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Links to all French Cathedral and Abbey Photo Pages in Paradoxplace

Link to all Abbey and Cathedral Pages in Paradoxplace

About Paradoxplace

 

THE CISTERCIANS IN FRANCE

 

Introduction to the Paradoxplace Cistercian History and Photo Pages

Link to the early years of the Cistercian Order

Link to Saint Bernard and the Cistercians' Big Leap Forward

CISTERCIAN ABBEY PHOTOS

 FRANCE (THIS PAGE) ITALY
THE FOUNDATION ABBEYS IN FRANCE
BRITAIN SPAIN & PORTUGAL

Books on Cistercian Abbeys

Chronology Entry

Link to all Abbey and Cathedral Pages in Paradoxplace

 

Link to other books on the Cistercians and their Beautiful Abbeys

 

 

IGN also have an excellent sheet map showing the French Pilgrimage Roads

Link to IGN website

 

 

 

If it's Cistercian Abbey photos you want, this is THE coffee table book

 

Buy from Amazon USA

 Buy from Amazon UK

 

 

On this page are photos of and links (not) to:

 

 

Citeaux

Pontigny *

Clairvaux

Morimond

La Ferté

Fontenay **

Noirlac **

La Trappe

l'Épau

Sept Fons

Loc Dieu

Flaran

Fontfroide *

Valmagne *

Sénanque **

Royaumont

 

 

** must visits

* highly recommended

 

 

 

This map is included in the excellent book (in French and English) published by MSM - see below

 

 

Citeaux, Pontigny, Clairvaux, Morimond, La Ferté

 

Above - the Abbey of Pontigny (founded in 1114 as the first daughter of Citeaux, photographed in June 2004), second cab off the ranks and now the only one of the 5 originals in use as a church.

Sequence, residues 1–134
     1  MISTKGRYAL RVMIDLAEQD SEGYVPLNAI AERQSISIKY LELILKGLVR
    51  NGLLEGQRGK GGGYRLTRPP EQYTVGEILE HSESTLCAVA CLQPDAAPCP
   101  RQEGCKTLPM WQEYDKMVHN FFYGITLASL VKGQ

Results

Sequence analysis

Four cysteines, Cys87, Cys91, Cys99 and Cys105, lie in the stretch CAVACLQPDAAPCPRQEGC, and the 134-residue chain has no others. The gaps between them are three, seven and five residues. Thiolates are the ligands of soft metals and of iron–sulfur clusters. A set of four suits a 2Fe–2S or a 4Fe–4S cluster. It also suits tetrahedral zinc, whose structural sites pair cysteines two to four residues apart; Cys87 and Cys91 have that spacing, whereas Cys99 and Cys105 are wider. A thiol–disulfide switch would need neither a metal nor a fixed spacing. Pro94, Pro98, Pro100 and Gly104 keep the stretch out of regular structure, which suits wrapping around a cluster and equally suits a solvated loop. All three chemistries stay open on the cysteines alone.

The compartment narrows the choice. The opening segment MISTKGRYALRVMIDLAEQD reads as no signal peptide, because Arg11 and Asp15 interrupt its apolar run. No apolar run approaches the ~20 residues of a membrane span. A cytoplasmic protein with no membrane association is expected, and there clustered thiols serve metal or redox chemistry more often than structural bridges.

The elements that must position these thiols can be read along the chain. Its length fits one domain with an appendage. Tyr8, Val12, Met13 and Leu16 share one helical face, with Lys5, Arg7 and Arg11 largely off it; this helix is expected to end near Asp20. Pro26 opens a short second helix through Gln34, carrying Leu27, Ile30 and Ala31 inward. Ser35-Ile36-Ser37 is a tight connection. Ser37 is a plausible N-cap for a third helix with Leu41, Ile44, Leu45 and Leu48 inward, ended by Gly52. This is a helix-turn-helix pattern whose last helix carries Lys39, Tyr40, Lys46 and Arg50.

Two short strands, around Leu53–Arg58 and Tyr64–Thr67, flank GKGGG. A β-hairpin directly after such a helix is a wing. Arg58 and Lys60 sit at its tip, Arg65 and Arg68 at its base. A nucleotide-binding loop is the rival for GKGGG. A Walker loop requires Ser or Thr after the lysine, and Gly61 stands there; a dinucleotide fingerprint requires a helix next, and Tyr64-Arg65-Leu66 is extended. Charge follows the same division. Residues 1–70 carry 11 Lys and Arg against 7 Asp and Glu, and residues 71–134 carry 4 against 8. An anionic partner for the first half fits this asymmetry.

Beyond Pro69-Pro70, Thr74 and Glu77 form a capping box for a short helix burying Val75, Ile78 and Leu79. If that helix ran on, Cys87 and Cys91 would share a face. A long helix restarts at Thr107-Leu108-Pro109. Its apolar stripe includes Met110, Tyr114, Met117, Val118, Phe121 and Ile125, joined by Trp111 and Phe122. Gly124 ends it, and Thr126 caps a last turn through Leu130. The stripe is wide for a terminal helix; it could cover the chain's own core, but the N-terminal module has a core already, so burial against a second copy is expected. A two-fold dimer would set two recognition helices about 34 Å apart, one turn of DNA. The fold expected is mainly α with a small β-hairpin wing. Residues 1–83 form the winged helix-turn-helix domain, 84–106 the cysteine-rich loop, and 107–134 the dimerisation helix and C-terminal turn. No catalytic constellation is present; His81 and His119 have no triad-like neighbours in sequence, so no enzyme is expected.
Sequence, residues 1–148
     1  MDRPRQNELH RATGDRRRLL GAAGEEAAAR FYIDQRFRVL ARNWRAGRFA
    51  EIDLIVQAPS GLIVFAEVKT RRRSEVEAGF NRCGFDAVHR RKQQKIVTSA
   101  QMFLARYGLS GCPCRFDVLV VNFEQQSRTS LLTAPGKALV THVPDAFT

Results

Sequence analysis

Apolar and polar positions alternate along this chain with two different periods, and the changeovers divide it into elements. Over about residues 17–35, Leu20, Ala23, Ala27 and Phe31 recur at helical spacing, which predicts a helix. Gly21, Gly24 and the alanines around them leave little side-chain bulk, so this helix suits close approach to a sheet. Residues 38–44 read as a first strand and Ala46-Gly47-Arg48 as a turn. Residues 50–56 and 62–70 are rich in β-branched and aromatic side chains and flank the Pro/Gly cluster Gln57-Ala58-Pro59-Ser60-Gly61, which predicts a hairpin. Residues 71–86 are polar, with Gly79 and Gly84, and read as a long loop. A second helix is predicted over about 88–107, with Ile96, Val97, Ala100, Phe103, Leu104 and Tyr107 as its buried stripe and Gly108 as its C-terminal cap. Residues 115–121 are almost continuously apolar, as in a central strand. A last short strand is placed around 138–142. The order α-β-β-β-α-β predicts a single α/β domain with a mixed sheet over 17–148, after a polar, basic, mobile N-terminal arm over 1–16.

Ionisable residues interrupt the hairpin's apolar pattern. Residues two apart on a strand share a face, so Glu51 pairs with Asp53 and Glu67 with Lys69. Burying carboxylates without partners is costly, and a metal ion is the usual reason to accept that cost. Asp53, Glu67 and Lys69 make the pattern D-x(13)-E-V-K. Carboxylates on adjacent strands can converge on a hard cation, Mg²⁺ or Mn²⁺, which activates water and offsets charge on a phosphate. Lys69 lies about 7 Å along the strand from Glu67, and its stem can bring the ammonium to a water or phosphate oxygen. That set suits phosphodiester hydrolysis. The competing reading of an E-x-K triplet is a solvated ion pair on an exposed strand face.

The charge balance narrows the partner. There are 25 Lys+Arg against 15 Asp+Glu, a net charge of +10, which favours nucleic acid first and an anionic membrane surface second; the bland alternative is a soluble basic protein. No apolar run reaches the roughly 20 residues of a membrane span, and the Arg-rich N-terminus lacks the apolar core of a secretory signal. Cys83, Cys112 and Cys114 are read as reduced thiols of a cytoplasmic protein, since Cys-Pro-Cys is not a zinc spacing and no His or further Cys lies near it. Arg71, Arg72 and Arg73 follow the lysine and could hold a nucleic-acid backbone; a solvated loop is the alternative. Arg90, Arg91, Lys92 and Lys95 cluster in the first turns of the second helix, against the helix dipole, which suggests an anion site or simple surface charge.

LINK TO 5 FOUNDATION CISTERCIAN ABBEYS IN BURGUNDY PHOTO PAGE

 

LINK TO PONTIGNY PHOTO PAGE

 

 

Fontenay

 

The Abbey of Fontenay in Burgundy was founded in 1119 as a daughter house of Clairvaux.  Over the centuries it suffered an English pillage, a French revolution, general neglect, then later a conversion into a factory and paper mill.  It is now beautifully restored and is a designated UNESCO World Heritage site - the only intact example of Romanesque Burgundian monastic architecture, as opposed to later (and still beautiful) Gothic rebuilds. 

 

LINK TO ABBEY OF FONTENAY PHOTO PAGE

 

 

 

 

 

 

La Trappe (Active)

 

This is the closest any visitor is allowed to the beautiful lakeside "chateau" Abbey of La Trappe (Normandy).  On request they will show you a 45 minute video of French Trappist Cistercians talking in French about what it is like to be a silent French Trappist Cistercian, and, like Citeaux, there is a shop with bad drainage smells (have the Cistercians lost their water engineering skills?).

 

 

Noirlac (Museum)

 

The Cistercian Abbey of Niorlac was established in 1136, in a place called Maison Dieu deep in the thick woods south of Bruges, by a group of twelve monks from Clairvaux led by Robert (one of the many relatives of S Bernard who had helped set up Clairvaux with him in 1113).  Another wonderful restoration job including a double storey refectory.

 

LINK TO ABBEY OF NOIRLAC PHOTO PAGE

 

 

l'Épau (Museum)

 

The only thing worth seeing in the Cistercian Royal Abbey of l'Épau (now in a park in suburban Le Mans) is this gisant of the sad Spanish Princess Berengaria, who had the gross misfortune to be married to the nasty King Richard I of England.

 

LINK TO L'ÉPAU ABBEY PHOTO PAGE

 

 

 

 

 

 

Sept Fons (Active)